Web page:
Seven Questions for Michael Liebowitz
Michael Liebowitz, senior director of insurance and enterprise risk management at New York University, has come a long way from his very first job as a paperboy for the “Long Island Press.”
He came to the risk management profession in a “circuitous route,” he said, working in outside and inside claims before the “really bad underwriting” at a former company caused his department to become so “inundated with claims,” that he opted to leave the business.
He joined NYU Medical Center as an insurance specialist, handling primarily property, workers’ comp and medical malpractice, and later become director of risk management at NYU. In 2006, he served as president of RIMS.
“I think the biggest thing I am proud of is that probably every place I’ve been employed, I’ve been able to go into the organization and create a risk management program where there wasn’t one, or identify deficiencies in risk management programs that had been in place and improve them,” he said.
As for emerging risks, it’s cyber risk that most concerns Liebowitz. “Because the bad guys are always one step ahead of us. We are always playing catch up.”
These seven questions explore some of his thoughts on the risk management profession:
What is the risk management community doing right?
That’s a tough question. Risk management has now been fragmented. We have traditional risk management based upon an insurance model with loss control and safety and claim. Then you have enterprise risk management and looking at strategic risks. We are becoming subspecialists within a specialty.
I don’t know if that’s good or bad yet. It’s something that is still developing. There are very few people that have experience in all three disciplines.
What could the risk management community be doing a better job of?
We are going from generalists to specialists and subspecialists. And I just don’t know if it’s good. It’s too early on to come up with a definitive opinion. It’s a concern. I have all of that experience so it doesn’t bother me, but a person coming out of school, they don’t know what they are getting into. We are siloing ourselves. I don’t think anybody sees it coming.
What’s been the biggest change in the risk management and insurance industry since you’ve been in it?
I don’t think the insurance industry has changed all that much since I entered 30-odd years ago. We still don’t have contract certainty. They still do things the old way. Instead of mailing a spreadsheet, we are emailing a spreadsheet and sending the same information to multiple different carriers and filling out multiple different applications.
One way they have changed is they have decided that shareholder value is in some instances more important than insured interests. They put their shareholders before their insureds. This is a service industry; provide me with service. I am paying for it. That’s the negative.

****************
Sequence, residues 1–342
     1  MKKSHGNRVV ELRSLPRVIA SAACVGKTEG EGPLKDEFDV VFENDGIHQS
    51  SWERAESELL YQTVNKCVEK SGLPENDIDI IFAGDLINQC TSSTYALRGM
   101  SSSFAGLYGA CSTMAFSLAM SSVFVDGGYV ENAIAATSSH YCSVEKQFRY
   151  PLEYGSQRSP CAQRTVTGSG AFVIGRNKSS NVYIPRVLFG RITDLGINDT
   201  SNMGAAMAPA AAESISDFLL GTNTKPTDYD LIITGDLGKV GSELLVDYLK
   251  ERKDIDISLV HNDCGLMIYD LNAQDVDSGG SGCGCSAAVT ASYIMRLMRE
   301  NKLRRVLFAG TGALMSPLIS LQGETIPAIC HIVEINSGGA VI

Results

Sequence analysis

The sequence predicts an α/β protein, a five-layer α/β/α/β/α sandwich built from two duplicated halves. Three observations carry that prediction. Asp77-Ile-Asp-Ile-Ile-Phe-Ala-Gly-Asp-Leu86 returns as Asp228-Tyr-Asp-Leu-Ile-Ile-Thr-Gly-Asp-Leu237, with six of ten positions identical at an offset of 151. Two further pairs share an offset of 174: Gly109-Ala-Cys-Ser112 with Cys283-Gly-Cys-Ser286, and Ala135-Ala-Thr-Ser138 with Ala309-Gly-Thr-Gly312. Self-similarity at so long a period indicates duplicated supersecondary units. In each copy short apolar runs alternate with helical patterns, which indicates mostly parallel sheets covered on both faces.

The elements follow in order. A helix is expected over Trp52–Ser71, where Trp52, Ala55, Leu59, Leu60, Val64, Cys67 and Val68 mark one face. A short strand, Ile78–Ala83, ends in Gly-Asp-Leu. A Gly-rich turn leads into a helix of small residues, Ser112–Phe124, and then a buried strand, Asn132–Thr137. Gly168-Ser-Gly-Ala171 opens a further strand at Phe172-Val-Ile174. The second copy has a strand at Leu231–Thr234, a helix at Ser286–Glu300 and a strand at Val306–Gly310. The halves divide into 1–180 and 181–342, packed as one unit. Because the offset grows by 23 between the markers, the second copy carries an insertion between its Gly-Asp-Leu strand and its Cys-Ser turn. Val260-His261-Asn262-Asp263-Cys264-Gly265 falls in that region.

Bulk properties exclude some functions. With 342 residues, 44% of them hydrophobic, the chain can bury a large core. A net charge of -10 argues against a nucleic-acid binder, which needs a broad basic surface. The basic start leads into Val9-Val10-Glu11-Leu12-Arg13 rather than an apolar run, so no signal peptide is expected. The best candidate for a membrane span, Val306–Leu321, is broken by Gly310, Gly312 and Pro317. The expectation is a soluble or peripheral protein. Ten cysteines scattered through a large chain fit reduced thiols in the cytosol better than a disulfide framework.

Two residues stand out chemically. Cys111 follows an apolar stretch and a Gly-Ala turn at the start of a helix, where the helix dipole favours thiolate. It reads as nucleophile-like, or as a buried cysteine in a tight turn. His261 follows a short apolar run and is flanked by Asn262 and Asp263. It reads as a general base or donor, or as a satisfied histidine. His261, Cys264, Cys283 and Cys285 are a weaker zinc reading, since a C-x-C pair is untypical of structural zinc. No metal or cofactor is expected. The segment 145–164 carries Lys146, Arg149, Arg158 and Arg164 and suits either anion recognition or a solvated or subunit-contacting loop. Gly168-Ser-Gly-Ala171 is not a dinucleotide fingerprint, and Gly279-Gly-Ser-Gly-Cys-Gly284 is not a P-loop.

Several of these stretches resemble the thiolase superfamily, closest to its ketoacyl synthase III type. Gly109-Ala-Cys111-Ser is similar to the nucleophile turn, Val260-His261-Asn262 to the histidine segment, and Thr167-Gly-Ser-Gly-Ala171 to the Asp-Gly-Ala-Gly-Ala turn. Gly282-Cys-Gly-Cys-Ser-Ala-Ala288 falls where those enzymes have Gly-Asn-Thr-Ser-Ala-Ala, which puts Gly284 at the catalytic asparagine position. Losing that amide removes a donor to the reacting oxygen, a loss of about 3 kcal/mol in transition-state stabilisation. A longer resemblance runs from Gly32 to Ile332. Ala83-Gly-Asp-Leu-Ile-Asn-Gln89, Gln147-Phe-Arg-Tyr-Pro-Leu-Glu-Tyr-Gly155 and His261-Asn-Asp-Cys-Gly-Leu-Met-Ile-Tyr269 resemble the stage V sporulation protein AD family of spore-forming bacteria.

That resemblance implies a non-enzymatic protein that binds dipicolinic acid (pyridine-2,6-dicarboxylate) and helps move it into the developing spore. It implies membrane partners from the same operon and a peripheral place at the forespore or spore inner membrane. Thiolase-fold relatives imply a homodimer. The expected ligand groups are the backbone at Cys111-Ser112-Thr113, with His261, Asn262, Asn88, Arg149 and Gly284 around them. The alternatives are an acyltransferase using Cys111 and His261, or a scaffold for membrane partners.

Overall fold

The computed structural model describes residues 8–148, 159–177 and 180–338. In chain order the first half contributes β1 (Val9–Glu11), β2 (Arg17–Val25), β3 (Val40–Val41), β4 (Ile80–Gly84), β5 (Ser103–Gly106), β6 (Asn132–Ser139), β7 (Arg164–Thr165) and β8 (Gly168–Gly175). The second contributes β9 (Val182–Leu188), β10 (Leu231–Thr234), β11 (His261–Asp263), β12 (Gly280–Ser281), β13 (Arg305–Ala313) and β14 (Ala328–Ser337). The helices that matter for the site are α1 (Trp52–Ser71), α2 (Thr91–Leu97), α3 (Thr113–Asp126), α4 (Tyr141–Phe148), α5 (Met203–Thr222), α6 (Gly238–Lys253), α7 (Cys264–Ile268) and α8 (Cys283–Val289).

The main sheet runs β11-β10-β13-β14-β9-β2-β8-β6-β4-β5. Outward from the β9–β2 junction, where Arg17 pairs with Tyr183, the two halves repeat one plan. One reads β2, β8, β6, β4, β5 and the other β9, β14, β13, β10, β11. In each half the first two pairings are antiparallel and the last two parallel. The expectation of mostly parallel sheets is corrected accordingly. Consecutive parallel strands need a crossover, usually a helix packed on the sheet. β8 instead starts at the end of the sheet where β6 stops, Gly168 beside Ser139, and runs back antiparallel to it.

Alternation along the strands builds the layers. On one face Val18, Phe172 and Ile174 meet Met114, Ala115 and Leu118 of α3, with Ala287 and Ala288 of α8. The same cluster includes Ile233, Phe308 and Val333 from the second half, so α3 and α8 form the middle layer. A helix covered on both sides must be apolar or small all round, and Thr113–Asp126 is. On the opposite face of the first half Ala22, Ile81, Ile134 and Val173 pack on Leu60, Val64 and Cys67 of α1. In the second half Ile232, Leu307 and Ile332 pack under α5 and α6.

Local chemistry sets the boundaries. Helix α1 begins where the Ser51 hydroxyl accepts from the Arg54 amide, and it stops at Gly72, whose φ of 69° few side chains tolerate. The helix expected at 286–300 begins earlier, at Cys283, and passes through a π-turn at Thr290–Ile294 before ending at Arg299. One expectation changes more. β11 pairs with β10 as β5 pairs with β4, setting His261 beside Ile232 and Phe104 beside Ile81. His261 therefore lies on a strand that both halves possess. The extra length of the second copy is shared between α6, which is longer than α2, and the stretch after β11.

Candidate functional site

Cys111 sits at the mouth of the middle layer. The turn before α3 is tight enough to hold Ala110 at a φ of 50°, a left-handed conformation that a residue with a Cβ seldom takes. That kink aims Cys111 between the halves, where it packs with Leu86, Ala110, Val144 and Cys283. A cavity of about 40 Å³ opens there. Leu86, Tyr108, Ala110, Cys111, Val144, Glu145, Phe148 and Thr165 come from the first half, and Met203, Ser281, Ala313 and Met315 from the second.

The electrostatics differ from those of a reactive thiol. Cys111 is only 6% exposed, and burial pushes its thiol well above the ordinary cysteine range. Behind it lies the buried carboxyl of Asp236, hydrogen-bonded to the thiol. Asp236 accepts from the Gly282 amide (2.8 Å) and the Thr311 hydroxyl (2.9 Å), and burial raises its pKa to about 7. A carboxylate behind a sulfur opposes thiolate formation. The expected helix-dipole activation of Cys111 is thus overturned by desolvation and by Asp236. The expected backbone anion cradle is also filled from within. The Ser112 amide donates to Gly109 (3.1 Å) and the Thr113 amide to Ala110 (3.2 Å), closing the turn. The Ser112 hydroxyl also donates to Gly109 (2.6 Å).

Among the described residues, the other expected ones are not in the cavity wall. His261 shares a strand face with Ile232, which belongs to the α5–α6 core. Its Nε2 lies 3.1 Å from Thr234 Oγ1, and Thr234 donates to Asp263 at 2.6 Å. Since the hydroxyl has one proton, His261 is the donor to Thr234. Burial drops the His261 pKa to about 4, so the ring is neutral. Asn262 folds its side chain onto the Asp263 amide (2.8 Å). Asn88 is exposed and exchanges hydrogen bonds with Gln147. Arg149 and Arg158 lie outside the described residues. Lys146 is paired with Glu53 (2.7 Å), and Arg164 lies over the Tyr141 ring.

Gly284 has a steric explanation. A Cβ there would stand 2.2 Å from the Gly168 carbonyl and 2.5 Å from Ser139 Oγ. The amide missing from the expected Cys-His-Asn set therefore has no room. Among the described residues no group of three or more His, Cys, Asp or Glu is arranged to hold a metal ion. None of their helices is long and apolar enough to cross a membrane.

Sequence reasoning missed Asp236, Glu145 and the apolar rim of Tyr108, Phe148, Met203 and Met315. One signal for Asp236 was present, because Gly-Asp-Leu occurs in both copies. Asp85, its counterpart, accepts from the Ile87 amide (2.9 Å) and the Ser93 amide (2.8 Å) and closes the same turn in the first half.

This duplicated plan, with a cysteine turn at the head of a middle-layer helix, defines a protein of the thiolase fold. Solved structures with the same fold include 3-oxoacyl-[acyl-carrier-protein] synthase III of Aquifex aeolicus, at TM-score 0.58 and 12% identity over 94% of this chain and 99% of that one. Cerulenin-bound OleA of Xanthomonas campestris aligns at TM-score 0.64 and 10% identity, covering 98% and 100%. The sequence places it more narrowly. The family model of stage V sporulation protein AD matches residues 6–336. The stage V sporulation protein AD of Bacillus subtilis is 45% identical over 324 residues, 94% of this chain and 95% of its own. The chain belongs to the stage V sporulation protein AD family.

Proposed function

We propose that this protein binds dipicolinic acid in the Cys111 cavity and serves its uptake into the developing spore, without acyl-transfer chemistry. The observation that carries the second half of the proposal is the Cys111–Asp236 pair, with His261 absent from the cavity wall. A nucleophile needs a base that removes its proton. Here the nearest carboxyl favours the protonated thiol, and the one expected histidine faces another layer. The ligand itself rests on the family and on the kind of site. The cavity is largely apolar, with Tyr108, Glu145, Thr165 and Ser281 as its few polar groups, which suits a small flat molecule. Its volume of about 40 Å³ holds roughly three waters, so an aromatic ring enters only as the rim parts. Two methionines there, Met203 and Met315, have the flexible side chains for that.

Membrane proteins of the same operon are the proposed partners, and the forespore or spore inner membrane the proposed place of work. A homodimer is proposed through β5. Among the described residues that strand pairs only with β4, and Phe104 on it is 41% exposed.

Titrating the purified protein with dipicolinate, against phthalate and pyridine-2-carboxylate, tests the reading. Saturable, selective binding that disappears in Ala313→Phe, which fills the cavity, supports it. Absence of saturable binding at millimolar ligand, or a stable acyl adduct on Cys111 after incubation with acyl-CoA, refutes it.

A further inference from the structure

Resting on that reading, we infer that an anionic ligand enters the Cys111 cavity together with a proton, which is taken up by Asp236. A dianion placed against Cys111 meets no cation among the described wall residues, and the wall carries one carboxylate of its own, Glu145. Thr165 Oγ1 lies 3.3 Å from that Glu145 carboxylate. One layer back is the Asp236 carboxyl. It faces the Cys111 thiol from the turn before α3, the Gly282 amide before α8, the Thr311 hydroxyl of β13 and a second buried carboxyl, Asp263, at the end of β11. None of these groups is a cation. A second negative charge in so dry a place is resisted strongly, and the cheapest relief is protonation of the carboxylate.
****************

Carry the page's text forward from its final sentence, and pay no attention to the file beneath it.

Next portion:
The good side is they are putting more emphasis on loss control, loss reduction and claims identification and mitigation activities. They are trying to get ahead of the curve but those services don’t run that deep. They are very superficial. Some carriers don’t even understand what the four corners of their policy insure and I will leave it at that.
Was the contingent commission controversy overblown?
Yes. The way brokers get compensated hasn’t changed. What has changed is they are now telling you what they are making on your book of business and they are obligated to do that versus you having to ask them.
I would flip it around and say if you were really a diligent risk manager, you would have asked the question: What is the true cost of risk. And to get the true cost of risk, you have to know what you are paying your broker. It’s all about transparency and being smart enough to ask the question.
What is the most unusual/interesting place you have ever visited?
China. It’s just so foreign from a Westerner’s point of view. Shanghai is a very modern city but you can walk two blocks in any direction and contrast it with old China. Chinese food there isn’t Chinese food here. From a food perspective, it’s very different. Culturally, it’s very different. As much as I love China and don’t mind going there – I’ve been there seven or eight times – it’s very difficult to wrap my head around it.
What is the riskiest activity you ever engaged in?
Cycling on the street. It’s dangerous between the potholes and cars and sand and leaves. You need to have eyes in the back of your head.
What about this work do you find the most fulfilling or rewarding?
I like everything I do. It’s the variety, trying to solve problems and to make my clients able to do their business by protecting not only my client but the larger organization from the business some of them might engage in.